However, the report notes that the financing options would be limited and would therefore need to be bolstered by additional funding through user fees and innovative financing methods. ¨Financing of Smart City Mission: The Union Government funds and matching contribution by states and urban local bodies will meet only a part of the project costs. Balance funds are expected to be mobilised from the resources of states and ULBs, collection of user fees, beneficiary charges and impact fees, land monetisation, debt and loans,¨ it states.
According to the IRR report, the 37 road projects (under construction and completed) exhibit higher stress levels. IRR found around Rs.255 billion worth of project level debt that was bid out on build, operate and transfer projects by NHAI to be under stress.
¨Unfavourable macroeconomic conditions, slippages from the original project timelines, lower traffic performance, and higher debt levels are the key reasons for the strain visible on project cash flows. Unless the projects undergo a structural change, say, in terms of additional money infused by the sponsor (which seems difficult), debt restructuring or refinancing, the projects´ credit metrics are unlikely to improve substantially,¨
the IRR report notes, adding that with the projects being over-leveraged by 19 per cent, things could get compounded. Other areas of concern pointed out by the IRR report include the reluctance of the banking sector, whose exposure to the highway sector declined to 7.1 per cent (Rs.1,794 billion) in 2016-2017 from 7.7 per cent (Rs.1,675 billion) in the 2015-2016 fiscal. This trend is likely to continue, according to IRR.
An additional 73 per cent spurt in land acquisition cost was witnessed in the last two years by NHAI, corresponding to an increase from an average of Rs.7.8 million per hectare in 2013-14 to Rs.13.51 million per hectare in 2015-2016.
¨Acquisition cost increased by 13 per cent in 2014 and 33 per cent in 2015. Rajasthan, Madhya Pradesh and Tamil Nadu saw the highest quantum of land acquisition between 2011 and 2016, while Kerala, Meghalaya and Himachal Pradesh witnessed the lowest land acquisition during the same period,¨ according to the IRR report, which anticipates debt close to Rs.35 billion that could be refinanced in the near future.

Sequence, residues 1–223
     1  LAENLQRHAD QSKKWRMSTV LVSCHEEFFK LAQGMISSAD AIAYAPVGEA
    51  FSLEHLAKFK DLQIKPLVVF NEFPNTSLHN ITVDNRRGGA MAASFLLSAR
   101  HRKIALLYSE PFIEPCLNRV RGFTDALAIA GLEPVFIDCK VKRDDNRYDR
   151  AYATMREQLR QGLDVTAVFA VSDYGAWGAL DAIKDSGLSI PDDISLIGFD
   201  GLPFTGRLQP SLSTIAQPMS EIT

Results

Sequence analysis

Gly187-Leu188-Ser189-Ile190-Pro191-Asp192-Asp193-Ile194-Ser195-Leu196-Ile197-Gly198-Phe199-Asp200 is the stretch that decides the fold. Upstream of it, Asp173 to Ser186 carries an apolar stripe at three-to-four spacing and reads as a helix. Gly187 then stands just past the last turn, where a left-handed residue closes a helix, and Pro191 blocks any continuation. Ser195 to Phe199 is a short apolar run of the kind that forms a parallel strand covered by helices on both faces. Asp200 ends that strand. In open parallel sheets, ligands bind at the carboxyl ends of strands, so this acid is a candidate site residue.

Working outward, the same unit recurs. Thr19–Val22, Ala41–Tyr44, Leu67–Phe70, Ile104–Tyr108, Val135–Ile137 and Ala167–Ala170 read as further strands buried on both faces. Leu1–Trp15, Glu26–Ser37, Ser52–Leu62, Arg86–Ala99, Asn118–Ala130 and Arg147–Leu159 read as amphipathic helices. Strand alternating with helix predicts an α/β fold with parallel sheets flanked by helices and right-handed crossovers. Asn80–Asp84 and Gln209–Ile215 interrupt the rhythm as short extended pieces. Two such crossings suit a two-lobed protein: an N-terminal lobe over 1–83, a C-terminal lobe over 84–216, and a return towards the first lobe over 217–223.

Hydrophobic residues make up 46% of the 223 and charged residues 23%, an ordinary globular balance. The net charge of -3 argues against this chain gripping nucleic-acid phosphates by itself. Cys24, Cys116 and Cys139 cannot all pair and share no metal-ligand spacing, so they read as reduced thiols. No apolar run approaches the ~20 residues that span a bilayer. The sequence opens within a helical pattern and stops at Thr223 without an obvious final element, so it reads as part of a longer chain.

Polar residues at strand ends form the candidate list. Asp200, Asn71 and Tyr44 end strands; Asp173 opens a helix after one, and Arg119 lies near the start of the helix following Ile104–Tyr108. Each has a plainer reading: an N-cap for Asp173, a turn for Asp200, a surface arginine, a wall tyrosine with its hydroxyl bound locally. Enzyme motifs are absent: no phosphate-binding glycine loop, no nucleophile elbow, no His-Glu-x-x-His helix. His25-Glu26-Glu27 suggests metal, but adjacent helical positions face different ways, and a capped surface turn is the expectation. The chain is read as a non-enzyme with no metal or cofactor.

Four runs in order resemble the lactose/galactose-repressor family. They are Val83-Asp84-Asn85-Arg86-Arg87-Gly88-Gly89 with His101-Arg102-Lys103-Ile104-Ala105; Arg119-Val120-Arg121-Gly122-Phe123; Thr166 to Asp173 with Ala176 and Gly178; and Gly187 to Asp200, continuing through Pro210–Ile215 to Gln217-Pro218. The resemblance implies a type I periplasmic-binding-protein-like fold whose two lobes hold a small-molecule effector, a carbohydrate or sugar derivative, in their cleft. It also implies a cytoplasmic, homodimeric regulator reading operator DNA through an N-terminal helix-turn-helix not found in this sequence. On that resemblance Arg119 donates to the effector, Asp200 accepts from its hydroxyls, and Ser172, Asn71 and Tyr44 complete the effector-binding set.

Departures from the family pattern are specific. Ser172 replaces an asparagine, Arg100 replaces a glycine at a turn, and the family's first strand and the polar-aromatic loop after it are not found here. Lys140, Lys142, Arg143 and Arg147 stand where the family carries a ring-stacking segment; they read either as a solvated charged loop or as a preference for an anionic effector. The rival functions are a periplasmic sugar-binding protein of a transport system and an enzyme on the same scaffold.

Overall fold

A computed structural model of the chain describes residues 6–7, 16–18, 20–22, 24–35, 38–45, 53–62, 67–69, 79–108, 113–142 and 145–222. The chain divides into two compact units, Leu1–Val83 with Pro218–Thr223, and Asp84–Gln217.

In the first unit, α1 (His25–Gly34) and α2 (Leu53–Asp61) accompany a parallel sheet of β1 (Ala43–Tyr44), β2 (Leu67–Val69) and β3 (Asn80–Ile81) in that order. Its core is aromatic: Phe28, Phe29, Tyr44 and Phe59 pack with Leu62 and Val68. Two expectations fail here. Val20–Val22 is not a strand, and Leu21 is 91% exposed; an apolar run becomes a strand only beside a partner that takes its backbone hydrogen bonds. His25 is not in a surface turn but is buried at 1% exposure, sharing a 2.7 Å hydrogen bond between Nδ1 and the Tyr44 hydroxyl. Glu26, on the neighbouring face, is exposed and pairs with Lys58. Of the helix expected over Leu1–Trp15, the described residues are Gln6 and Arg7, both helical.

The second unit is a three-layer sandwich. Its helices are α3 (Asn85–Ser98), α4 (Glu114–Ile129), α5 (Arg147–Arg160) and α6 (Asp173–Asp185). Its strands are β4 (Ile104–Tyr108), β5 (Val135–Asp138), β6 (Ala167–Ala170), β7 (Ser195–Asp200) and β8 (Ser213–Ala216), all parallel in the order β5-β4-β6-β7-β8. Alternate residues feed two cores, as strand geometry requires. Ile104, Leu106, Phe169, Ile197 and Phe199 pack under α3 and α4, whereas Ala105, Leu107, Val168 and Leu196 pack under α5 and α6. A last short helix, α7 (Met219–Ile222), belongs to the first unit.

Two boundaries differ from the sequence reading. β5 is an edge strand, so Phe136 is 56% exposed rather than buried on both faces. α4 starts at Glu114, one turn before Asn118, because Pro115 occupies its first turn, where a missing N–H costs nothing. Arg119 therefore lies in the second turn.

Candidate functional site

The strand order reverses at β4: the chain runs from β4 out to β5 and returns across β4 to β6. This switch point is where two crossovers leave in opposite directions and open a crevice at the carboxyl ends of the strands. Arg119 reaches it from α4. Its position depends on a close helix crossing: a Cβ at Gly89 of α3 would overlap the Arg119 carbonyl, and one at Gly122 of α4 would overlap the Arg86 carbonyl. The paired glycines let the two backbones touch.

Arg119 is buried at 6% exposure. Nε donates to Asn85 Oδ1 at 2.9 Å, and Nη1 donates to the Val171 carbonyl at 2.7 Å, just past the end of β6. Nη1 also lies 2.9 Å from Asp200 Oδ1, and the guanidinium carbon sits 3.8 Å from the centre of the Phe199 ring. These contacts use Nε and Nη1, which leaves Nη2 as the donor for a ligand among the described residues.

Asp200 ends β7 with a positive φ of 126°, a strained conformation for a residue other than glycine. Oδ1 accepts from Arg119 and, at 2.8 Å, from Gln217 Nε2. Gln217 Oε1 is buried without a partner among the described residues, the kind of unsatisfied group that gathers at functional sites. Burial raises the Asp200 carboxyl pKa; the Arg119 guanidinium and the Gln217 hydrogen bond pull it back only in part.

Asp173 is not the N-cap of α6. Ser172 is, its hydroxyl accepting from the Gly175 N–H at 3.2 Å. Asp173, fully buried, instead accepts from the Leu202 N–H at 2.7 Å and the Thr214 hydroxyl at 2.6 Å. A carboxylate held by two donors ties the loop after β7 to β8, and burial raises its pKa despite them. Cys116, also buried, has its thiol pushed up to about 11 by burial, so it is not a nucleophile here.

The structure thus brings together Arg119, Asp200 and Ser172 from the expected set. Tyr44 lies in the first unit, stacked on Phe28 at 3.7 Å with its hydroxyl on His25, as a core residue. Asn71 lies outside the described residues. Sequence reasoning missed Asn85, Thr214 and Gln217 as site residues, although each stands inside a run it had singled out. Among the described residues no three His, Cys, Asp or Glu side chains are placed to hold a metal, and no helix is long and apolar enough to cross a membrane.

The Debt Service Reserve Account (DSRA) has been part of the project cost in only 23 per cent of the sample projects. While 77 per cent of the sample projects exhibited reserves equivalent to three months´ debt servicing, the balance have it for six months. A total of 57 per cent of projects having DSRA of six months are annuity road projects, and 71 per cent of projects have raised debt by issuance of non-convertible debentures (NCDs).
The IRR report expects the DSRA requirements to increase mainly because NCD will be replacing bank loan financing, especially for annuity projects, and the ballooning repayment structures, as 40 per cent to 50 per cent of the debt gets repaid in the last five years, for most infrastructure projects.
It further points out, ¨The Hybrid Annuity Model (HAM) would be the mainstay to bid out projects in the next couple of years, mainly due to the lukewarm response in the BOT space, stretched liquidity position of developers and nil traffic risk.¨
As per recent NHAI data, 86 per cent of projects in the request for proposal (RFP) stage are likely to be awarded on the HAM/EPC model, while the balance will be implemented on the BOT model. For request for qualification (RFQ) stage projects, HAM has accounted for 78 per cent and remaining are to be awarded on BOT.
The PwC report also points out the hurdles to raising infrastructure financing. ¨Securing capital from domestic private investors and foreigners remains one of the biggest hurdles to the Smart City mission. A Special Purpose Vehicle (SPV) is proposed for implementing the mission; however, current guidelines do not provide adequate safeguards for private sector participation at the SPV or sub-SPV levels. What would be needed are policy changes at the Central and state levels to enable investments from various types of investors at the SPV and/or sub-SPV levels with adequate safeguards,¨ states the report.